I might be one of the only people to admit this, but I enjoy seminars more when we’re doing them online. The removal of physical awkwardness has become a gateway for people to be more comfortable with sharing and debating things. Especially when I think of breakout rooms, it’s like magic, people immediately turn their cameras on and talk about how we all didn’t do the reading and that becomes the perfect segue to discussing whatever topic that lecture was about. Or perhaps how we were going to bluff our way through it.

Finally, I’ve grown up playing games my whole life, usually on console but sometimes on my brother’s PC. I always found myself playing games, specifically action-adventure story-packed games when I felt alone or in need of personal development that I was not yet ready to take on myself, so instead do it through a character. During lockdown I purchased Rise of the Tomb Raider and I enjoyed playing every second of it apart from the fact that my average Lenovo laptop could barely run it. I found that the  nostalgic feeling I get while playing games like this accounted for the graphics and truly was a perfect way to lift my spirits and help me develop through what I like to call post-novelty lockdown.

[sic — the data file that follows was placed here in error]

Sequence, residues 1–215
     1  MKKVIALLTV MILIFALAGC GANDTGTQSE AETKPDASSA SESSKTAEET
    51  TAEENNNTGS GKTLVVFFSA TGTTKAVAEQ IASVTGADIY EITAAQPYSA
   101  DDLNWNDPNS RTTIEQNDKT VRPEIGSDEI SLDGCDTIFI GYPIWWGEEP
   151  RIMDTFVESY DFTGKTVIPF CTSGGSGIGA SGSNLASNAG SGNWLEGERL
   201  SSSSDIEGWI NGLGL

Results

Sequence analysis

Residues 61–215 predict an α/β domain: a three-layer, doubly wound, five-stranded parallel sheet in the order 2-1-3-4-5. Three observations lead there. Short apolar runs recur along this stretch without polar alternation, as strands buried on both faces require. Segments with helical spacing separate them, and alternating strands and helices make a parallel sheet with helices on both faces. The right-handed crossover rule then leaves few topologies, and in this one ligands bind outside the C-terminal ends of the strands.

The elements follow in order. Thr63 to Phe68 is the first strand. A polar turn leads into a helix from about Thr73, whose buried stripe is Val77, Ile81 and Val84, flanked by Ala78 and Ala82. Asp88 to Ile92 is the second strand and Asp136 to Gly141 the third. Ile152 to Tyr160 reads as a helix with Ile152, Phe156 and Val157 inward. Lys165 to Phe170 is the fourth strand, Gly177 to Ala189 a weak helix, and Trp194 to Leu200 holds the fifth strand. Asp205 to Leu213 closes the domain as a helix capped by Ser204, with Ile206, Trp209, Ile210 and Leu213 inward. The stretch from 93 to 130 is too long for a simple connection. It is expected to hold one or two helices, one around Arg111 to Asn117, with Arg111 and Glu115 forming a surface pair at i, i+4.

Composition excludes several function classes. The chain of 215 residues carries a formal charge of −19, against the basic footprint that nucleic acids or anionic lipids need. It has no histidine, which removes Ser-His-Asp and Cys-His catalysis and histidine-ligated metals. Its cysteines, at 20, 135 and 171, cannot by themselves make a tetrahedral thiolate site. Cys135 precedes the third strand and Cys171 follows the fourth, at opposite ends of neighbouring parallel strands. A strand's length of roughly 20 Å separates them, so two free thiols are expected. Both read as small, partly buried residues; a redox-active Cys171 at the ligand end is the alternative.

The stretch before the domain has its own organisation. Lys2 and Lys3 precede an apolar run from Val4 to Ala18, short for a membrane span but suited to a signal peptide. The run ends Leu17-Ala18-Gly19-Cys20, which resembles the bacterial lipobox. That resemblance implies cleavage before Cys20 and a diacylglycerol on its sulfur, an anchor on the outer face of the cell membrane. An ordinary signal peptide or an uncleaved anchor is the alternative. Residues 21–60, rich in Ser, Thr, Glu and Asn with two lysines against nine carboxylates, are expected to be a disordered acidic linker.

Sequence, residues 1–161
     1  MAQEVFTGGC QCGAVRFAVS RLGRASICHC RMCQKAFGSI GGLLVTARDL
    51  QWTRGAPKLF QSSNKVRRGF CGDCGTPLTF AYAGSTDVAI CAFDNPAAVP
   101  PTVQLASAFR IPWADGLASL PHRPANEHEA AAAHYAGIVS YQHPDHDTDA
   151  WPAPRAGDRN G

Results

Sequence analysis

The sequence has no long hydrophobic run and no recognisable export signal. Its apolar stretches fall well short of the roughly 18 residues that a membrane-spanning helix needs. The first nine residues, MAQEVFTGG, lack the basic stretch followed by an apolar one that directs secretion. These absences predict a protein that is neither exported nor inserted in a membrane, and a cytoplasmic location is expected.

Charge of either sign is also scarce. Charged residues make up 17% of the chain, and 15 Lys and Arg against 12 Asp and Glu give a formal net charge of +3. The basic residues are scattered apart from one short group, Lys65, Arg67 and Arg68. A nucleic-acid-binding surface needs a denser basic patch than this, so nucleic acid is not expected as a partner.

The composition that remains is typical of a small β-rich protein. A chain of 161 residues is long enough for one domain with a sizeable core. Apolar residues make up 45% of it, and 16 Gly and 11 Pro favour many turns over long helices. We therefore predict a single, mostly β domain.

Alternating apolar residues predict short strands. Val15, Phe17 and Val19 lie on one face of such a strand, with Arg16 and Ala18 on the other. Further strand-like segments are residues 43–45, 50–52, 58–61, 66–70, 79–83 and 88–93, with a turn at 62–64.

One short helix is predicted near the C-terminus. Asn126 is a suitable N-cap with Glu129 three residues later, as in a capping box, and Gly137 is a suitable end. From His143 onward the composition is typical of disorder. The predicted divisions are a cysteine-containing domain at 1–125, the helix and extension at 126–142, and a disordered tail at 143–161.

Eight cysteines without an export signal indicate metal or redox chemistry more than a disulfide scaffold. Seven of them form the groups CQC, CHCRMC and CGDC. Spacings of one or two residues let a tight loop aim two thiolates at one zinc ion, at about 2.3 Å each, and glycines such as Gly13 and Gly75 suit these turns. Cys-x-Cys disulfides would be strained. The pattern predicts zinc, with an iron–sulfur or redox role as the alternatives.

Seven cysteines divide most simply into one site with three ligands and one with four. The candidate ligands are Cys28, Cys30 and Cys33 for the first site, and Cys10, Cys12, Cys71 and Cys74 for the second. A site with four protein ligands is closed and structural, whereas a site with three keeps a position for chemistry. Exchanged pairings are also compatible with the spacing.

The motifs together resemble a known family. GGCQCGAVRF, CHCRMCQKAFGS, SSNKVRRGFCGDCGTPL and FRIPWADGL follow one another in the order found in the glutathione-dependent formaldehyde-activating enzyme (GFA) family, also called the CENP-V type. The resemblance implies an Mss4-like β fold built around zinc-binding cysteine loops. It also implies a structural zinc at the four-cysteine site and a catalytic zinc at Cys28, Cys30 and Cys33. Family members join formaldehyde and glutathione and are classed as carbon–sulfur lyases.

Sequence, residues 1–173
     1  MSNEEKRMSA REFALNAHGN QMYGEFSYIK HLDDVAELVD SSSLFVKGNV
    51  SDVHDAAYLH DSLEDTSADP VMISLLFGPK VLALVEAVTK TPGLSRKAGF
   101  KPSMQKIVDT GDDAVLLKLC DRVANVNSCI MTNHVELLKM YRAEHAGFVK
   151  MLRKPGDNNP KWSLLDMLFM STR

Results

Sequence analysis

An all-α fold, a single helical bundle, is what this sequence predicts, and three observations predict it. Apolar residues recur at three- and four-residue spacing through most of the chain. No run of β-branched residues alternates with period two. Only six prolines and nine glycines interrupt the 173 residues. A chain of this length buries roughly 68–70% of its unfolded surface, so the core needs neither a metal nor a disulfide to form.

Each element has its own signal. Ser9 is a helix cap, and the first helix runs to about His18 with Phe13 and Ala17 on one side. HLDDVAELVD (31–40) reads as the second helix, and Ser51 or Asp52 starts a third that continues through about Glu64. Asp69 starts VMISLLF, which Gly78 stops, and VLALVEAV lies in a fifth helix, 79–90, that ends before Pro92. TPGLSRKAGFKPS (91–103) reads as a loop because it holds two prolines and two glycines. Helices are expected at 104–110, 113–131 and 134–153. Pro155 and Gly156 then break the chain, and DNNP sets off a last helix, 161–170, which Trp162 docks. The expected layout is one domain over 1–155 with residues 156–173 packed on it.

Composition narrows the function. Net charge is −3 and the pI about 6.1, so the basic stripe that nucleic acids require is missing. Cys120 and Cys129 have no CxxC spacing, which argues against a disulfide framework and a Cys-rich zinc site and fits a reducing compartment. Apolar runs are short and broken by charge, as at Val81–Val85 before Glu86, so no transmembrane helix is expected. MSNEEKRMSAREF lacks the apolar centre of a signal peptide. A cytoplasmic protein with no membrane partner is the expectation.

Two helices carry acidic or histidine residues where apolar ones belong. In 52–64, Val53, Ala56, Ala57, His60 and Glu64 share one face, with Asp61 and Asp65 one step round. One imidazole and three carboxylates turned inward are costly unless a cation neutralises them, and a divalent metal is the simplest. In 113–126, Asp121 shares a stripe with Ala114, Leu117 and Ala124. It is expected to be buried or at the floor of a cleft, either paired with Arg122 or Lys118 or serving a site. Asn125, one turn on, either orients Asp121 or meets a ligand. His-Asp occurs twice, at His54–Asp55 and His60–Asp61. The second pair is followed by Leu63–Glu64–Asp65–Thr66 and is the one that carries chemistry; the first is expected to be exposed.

Online video calls have been a place to study and socialise with online seminars and catch-up chats with friends and family near and far away (photo by Surface via Unsplash).

By Shaniece O’keeffe

Online life over the past year has been one which I have struggled with. Being in my second year on a course which has very little contact hours as it is, adapting to the different style of university was a difficult one, but something we have all had to familiarise ourselves with and make our new norm for our university experience. My digital understanding has had to improve drastically in the past year.